Why Product Knowledge is a Salesperson’s Superpower
By Jared Wexler at Chili Piper
My Sales professor had a motto that she drove home to our entire class. “Product knowledge is selling power.” After joining the workforce and going into the sales profession, I have to say she could not have been more right.
To give a little background about myself – I started off as an SDR before moving to Customer Success and eventually being promoted to the Product department. Now, I often hop on calls with our Account Executives to help answer technical questions and see first-hand just how powerful product knowledge is.
The Benefits of Product Knowledge
Expediting the Sales Cycle
Being able to maintain momentum and navigate the sales cycle seamlessly is dependent on both product and industry knowledge.
Think about it this way – every time there’s a question that a salesperson can’t answer, that means there will be one of the following: yet another follow-up call, yet another email thread, or possibly even another person having to be looped in. This is both time and momentum lost.
As a salesperson, if you can answer and navigate through a buyer’s questions, it allows you to keep the conversation going and the ball rolling. The ability to answer higher level product questions gives you exponentially more control over the sales cycle.
Being Viewed as an Expert
Who wants to be sold by someone that is simply regurgitating marketing jargon? Buyers want to know how your product will solve their pains and how it compliments their current process, not the tagline from your company website.
“Product knowledge is a key component of consultative selling which sets the best salespeople from the rest.”
It is increasingly important to not only know your product but to know the ecosystem surrounding your product. This rings true for any industry.
If you’re in the SaaS industry, chances are that the buyer doesn’t want to hear just another value proposition. They probably have a handful of tech tools already and if you can’t explain how your product works or compliments their existing stack, you’re not going to make the sale. A knowledgeable salesperson who is able to have that higher-level consultative conversation is inevitably going to have a tremendous advantage over a salesperson who just knows their own tool.
This can even apply to everyday life. Imagine that you were looking for a new part for your car. Would you be more likely to go with a salesperson who gives you a general description of what the part does or a salesperson who is able to talk about the entire build of your car and how the part will complement what you already have? The latter, right?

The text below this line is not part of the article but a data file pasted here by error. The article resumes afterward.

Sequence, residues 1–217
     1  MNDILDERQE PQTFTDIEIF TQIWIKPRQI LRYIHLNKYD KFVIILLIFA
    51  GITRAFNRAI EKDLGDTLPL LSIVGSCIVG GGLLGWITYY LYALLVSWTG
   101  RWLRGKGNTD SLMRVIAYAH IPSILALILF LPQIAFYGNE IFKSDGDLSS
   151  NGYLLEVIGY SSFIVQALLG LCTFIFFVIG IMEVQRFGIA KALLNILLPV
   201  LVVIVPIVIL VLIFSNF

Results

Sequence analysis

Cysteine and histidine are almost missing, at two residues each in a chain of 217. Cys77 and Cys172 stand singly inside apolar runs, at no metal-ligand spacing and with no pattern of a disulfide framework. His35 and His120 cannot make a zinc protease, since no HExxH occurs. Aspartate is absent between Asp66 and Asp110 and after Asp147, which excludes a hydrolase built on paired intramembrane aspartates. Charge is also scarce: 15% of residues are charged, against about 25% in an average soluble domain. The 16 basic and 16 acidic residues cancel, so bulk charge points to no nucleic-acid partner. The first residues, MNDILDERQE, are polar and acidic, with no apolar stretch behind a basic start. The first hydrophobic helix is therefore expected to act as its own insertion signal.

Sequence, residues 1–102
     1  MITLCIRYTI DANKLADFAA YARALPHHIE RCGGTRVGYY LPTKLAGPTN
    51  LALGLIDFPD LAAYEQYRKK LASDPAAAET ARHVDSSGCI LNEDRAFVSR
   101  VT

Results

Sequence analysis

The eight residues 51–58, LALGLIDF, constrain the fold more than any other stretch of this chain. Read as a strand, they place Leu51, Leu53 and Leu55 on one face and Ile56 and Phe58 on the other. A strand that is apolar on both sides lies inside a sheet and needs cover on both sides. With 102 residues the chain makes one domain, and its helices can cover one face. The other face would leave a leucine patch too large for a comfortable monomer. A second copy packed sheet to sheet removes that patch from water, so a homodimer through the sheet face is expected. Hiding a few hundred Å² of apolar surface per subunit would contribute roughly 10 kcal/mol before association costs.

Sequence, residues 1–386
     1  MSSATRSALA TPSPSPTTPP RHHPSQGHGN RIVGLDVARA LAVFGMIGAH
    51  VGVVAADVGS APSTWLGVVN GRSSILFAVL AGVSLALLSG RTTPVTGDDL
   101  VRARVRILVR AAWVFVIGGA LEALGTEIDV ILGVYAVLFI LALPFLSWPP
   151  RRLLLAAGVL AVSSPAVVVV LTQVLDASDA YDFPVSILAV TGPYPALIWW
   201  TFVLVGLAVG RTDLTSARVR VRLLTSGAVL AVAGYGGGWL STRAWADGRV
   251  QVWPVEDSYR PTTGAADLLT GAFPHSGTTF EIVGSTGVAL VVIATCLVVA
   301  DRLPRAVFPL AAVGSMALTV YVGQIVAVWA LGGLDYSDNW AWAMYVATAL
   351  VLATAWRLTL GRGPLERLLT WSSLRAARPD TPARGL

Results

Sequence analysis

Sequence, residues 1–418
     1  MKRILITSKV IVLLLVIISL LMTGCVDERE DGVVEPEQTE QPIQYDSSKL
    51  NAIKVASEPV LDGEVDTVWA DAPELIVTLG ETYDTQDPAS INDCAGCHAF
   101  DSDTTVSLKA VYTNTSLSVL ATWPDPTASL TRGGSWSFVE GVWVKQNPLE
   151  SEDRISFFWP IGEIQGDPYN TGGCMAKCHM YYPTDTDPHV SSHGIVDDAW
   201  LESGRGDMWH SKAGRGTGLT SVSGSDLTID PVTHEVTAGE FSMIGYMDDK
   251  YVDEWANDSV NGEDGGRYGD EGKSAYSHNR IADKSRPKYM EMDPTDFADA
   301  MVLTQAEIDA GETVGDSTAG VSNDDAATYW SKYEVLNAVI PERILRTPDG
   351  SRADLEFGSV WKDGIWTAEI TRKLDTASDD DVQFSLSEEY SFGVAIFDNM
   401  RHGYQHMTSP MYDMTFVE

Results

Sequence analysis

Being knowledgeable about both your product and your industry gives you tremendous power in that it allows you to make relevant points to your buyers and to actually have those deeper, more consultative conversations. These conversations are bound to be much more productive and collaborative than the typical overly-transactional sale.
For more complicated sales cycles, this also allows you to empower your buyer and give them ammo to champion internally if needed. At Chili Piper, we’re passionate about enabling buyers and making the sales cycle as seamless as possible.
How do you gain product knowledge?
There are many ways to gain product knowledge but to truly learn about a product, you’ll want to utilize multiple channels.
- My alma mater’s learning philosophy is “Learn by doing” and I absolutely agree. I think there’s no better way to learn a product than taking time to use it and familiarize yourself with it firsthand. Playing around with Chili Piper was absolutely one of the main ways I wrapped my head around the product. If you sell software, chances are that you’ll have access to your own account. You’ll learn a lot more from logging in and playing around than from reading a description of your product.
- Take advantage of your resources and learn from your coworkers! There are many different ways you can learn from your coworkers. If you’re in Sales, talk to your colleagues in Customer Success and Marketing. This will let you gain very valuable insight into real customer pain points. Additionally, if you happen to be selling a product or service and you have coworkers in the positions that you sell to, they can be one of your most valuable internal resources. Who is going to know more about your ICP (Ideal Customer Profile) than a colleague who lives and breathes in that world? I can’t begin to emphasize how valuable spending even 15-20 minutes learning about your buyers’ world can be. Being aware of the real pains, priorities, and needs of your ICP enables salespeople to have much more relevant, and consequently, more powerful conversations.
- Follow and engage with relevant content whether it be LinkedIn, blogs, or podcasts. Surrounding yourself with content relevant to your industry is the quickest way to become familiar with all of the nuances and caveats of your field. Sales isn’t a 9-5 job – you have to put in the time and effort to become an expert.